Black-owned businesses

The “support black-owned businesses” social media trend saw over 1 million mentions in 2020.

Some of the most popular messages within this trend included:

While the conversation on social media exploded in 2020 around black-owned businesses, there was also an influx of searches on the topic. In June those searches skyrocketed as people searched for brands to support.

It’s now becoming much easier to identify black-owned businesses, with a recent update from Google. The search engine giant just added a “black-owned” label to its Google shopping search results.

Shopping local and supporting small businesses

Twitter provides the space for users to be heard, and for brands to engage and build relationships with their consumers. It’s the perfect platform on which users can share their thoughts about the types of businesses they want to support, and for those businesses to find their audience.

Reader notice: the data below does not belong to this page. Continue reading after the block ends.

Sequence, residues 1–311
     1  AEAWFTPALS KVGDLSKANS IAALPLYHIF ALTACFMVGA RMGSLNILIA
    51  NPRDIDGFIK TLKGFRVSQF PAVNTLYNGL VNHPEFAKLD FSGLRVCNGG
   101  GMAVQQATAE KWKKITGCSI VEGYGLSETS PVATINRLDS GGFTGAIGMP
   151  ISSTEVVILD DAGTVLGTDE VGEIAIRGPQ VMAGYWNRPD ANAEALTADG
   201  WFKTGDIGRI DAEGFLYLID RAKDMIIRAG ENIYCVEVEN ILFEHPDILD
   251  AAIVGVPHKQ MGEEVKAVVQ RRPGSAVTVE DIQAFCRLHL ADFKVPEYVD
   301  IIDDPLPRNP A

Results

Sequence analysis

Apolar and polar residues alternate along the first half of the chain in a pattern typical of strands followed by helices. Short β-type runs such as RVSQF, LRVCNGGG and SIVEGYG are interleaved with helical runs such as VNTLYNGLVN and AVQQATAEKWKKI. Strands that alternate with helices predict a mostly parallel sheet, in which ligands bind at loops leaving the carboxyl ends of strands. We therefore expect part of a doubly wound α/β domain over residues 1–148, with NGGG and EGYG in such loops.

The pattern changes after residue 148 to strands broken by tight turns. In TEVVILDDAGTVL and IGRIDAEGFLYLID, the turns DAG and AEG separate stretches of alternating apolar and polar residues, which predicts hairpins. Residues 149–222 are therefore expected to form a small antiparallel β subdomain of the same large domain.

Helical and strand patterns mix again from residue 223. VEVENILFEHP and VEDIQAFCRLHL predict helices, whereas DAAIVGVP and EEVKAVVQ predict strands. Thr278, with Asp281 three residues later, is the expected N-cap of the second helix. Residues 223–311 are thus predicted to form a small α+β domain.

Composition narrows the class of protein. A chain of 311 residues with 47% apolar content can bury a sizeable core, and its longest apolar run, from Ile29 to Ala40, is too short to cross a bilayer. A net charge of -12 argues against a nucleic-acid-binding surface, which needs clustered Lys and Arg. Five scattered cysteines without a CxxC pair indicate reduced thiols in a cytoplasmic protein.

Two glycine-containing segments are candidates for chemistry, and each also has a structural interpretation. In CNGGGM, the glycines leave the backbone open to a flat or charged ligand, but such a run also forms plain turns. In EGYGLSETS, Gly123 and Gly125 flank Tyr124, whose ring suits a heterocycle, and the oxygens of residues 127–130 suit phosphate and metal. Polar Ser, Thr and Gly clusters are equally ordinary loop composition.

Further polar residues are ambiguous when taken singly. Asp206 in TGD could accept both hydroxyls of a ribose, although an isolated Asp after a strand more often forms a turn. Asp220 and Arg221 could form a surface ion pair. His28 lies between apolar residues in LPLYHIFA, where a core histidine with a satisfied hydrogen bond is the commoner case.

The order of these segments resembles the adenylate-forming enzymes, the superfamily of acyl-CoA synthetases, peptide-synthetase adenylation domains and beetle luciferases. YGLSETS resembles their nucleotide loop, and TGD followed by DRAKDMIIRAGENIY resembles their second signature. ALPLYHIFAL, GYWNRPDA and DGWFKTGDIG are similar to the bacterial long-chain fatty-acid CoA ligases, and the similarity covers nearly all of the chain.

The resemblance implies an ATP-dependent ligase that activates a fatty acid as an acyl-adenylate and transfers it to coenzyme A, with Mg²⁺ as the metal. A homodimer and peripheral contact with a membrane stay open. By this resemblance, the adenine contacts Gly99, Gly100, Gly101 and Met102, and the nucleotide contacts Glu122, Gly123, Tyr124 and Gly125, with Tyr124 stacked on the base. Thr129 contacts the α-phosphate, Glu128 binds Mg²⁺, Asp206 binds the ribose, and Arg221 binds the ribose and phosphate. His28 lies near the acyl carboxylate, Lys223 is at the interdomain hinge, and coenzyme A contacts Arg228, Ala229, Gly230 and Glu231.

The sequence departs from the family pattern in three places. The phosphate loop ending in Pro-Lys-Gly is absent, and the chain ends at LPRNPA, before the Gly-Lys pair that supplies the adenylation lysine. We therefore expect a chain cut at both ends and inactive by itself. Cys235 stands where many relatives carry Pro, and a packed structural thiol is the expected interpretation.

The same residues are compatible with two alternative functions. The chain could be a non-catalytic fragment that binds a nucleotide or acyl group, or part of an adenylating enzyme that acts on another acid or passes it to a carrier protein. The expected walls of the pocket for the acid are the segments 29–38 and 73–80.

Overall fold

Among conversations about shopping small and local, here are the 10 most popular hashtags that generated interest in 2020.

Search trends confirm that interest in shopping small and local increased in 2020, and both trends seem to be going strong into 2021. As you can see in the chart below, searches for both ‘shop small’ and ‘shop local’ go up in November each year (around Black Friday and gift-giving periods). But across 2020 we started to see unseasonably high interest in both.

Delivery and fulfillment

A rapidly growing demand for convenience without having to go into physical stores in 2020 boosted conversations around delivery and e-commerce fulfillment:

  • Total mentions: +33% when compared to 2019
  • Unique authors: +48% when compared to 2019

As we looked further into the data, we saw a strong uptick in conversations within Nigeria, Singapore, South Africa, and India.

While the conversation around delivery and fulfillment is up globally, that doesn’t mean that trends are the same everywhere.

For example, upon looking into conversations country-by-country using Brandwatch’s Topic Clusters, we learned that: